What: Ash Grunwald
When: Friday, Mar. 7
Where: Garibaldi Lift Company (GLC)
Tickets: Advance $15/ Door $20
Australia’s Ash Grunwald delivers his award-winning groovy spin on delta and 1970s electric blues on Friday, Mar. 7 at the Garibaldi Lift Company (GLC). The fearless innovator is a one-man show of voice, guitar and percussion who has earned three Australian Recording Industry Award (ARIA) nominations for Best Blues and Roots Album, two Australian Blues Awards for Male Album of the Year and Best New Talent, and three Victoria Blues Awards for Emerging Talent, Album of the Year and Male Vocalist of the Year. His 2007 release, Give Signs , also won the Best Independent Blues and Roots Album Award from the Australian Independent Record Label’s Association.
No matter how many awards sit in his hometown of Sydney, one of the greatest highlights of this young bluesman’s career was opening for the likes of legends such as Bo Diddley and James Brown. The Pique Newsmagazine ventured over cyberspace to the land down under to open up a discussion on the Godfather of Soul.
Pique: James Brown was one of your early influences as a kid growing up. What was it like performing with him in 2006 in Tasmania? What did you admire about his music?
Ash Grunwald: It was amazing to support James Brown! He was an institution. So much feel and so much groove. I honestly never imagined that I'd ever see him live in concert, let alone play with him! I can't imagine what he would have been like in the 50s, he was still a great dancer at the gig and at the time he was getting around in a wheelchair apart from when he was on stage. I used to sing along to his stuff and I admire that funk groove.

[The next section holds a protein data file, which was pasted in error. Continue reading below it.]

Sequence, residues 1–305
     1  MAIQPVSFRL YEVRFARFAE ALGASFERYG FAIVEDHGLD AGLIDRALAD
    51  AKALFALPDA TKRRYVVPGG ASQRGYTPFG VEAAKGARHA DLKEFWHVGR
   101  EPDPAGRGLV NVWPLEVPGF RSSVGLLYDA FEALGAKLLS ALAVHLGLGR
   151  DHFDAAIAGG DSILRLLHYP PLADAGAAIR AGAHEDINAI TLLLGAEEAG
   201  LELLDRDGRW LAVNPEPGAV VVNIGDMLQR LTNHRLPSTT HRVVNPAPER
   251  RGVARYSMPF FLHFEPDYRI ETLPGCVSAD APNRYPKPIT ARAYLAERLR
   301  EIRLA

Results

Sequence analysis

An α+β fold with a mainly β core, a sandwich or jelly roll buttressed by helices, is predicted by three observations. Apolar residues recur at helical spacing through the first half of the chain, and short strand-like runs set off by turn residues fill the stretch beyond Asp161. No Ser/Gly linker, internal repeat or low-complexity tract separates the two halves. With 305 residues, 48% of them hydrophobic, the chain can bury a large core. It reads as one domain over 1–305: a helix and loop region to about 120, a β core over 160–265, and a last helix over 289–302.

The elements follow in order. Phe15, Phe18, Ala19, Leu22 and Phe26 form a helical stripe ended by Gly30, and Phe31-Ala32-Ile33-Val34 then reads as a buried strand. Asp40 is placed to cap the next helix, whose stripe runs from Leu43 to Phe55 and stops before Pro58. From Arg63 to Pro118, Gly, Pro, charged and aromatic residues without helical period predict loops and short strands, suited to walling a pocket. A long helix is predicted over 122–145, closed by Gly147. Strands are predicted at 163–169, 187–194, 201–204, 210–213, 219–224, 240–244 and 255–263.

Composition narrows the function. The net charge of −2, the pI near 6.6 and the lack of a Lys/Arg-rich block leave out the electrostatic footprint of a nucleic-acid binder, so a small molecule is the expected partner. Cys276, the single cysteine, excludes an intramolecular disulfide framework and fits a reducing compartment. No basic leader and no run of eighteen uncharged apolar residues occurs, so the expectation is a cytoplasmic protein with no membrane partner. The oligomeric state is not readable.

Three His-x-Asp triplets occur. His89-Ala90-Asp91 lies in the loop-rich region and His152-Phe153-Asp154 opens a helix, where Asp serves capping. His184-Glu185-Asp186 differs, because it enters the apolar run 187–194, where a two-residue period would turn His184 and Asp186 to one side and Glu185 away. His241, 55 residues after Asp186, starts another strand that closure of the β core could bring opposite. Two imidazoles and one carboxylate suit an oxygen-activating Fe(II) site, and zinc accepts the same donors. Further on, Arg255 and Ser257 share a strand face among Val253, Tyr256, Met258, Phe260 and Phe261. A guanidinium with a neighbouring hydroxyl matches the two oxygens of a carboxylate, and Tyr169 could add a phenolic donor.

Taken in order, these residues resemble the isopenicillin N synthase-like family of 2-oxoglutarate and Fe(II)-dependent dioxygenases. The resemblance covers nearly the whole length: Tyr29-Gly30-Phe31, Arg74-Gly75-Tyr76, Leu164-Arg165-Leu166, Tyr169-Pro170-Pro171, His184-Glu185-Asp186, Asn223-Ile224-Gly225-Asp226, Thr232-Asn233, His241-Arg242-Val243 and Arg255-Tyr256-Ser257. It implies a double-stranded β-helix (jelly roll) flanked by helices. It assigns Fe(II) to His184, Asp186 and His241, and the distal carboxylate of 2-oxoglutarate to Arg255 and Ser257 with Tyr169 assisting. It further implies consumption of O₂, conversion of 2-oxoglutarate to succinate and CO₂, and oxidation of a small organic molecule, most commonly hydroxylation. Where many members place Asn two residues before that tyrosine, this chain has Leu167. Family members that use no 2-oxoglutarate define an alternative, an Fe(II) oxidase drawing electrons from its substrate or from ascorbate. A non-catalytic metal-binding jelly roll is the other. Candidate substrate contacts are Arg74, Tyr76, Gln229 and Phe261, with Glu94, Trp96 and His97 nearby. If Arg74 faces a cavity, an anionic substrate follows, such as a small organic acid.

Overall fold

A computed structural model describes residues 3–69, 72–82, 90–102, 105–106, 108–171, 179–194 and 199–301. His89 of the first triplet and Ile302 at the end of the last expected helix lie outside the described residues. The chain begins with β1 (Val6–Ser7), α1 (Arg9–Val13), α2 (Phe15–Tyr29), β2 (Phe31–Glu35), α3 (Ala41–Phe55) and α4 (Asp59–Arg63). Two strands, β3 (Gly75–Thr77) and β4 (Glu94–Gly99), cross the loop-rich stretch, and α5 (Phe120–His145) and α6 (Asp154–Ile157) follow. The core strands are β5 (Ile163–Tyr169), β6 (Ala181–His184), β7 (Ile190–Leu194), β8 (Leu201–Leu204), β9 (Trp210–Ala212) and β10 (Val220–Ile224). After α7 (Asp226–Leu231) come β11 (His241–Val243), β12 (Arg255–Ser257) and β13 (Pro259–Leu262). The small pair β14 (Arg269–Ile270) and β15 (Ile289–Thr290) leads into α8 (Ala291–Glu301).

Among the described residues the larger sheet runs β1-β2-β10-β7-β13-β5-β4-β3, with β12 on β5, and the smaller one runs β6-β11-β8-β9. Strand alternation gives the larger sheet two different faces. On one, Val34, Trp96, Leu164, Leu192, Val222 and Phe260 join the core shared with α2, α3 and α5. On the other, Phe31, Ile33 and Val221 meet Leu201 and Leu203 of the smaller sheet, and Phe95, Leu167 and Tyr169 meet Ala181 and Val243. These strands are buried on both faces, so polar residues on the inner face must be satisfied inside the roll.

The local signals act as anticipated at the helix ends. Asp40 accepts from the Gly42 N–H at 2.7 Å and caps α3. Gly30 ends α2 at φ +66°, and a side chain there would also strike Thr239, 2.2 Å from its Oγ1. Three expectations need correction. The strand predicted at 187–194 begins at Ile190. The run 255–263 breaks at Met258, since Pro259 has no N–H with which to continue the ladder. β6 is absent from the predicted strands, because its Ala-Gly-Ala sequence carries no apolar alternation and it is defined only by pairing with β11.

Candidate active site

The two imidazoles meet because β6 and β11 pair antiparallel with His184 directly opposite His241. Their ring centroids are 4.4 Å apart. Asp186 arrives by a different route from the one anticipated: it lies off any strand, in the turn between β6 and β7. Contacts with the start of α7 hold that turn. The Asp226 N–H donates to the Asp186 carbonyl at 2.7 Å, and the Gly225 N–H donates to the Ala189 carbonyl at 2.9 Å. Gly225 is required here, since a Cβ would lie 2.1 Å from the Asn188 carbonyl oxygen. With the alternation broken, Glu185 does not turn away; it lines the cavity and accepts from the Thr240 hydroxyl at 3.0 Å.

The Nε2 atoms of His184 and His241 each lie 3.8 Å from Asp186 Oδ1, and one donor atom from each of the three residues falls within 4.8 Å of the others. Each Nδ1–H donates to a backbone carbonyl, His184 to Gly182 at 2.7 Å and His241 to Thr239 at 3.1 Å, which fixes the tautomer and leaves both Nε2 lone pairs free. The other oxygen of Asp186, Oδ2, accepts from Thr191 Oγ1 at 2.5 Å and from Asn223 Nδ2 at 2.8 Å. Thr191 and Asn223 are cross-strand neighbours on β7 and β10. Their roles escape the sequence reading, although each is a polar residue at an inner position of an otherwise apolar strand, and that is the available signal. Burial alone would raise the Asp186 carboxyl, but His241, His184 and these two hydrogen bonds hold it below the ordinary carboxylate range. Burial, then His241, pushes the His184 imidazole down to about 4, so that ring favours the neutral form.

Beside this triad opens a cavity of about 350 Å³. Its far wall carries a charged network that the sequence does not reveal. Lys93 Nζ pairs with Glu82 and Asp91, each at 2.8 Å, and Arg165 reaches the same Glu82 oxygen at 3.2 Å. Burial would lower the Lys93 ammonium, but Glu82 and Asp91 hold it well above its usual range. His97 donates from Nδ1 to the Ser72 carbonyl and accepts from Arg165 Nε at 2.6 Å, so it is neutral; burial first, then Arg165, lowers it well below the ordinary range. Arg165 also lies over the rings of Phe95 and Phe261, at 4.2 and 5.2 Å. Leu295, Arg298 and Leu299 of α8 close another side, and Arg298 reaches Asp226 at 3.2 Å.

Pique: Your music has been praised as reinventing delta blues with modern grooves. How far do you stray from the traditional? What do you think Howlin' Wolf would have to say about your music?
AG: I try to keep the feel, soulfulness of delta blues in my vocals and guitar. The rest is from more modern influences I guess. Sometimes the live show sounds a little like a dance party. One of my friends described it as “drum’n’blues”! I love Howlin’ Wolf so much; he's pretty much my hero. He took a bit of the old and a bit of the new without changing the deep roots in his music. I love that. I did a gig with Hubert Sumlin who was the Wolf's guitarist and right hand man for most of his career and he said that Wolf would have dug me, which is pretty much the biggest thing anyone could ever tell me. As for what I really think the Wolf would say? Hmmm. Well he told Hendrix off for using a wah wah (pedal) and he was a hell of a lot better than me so I dunno.